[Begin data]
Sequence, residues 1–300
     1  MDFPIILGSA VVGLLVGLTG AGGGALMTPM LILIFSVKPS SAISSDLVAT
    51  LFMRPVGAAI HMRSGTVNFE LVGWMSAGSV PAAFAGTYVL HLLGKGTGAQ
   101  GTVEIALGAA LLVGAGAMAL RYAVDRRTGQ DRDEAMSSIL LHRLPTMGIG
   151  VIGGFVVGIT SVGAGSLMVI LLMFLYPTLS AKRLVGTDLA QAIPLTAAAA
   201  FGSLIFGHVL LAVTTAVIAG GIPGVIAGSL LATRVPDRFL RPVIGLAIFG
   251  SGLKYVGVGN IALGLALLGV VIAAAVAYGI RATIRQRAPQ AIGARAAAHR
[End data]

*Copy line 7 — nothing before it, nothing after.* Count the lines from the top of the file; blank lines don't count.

   251  SGLKYVGVGN IALGLALLGV VIAAAVAYGI RATIRQRAPQ AIGARAAAHR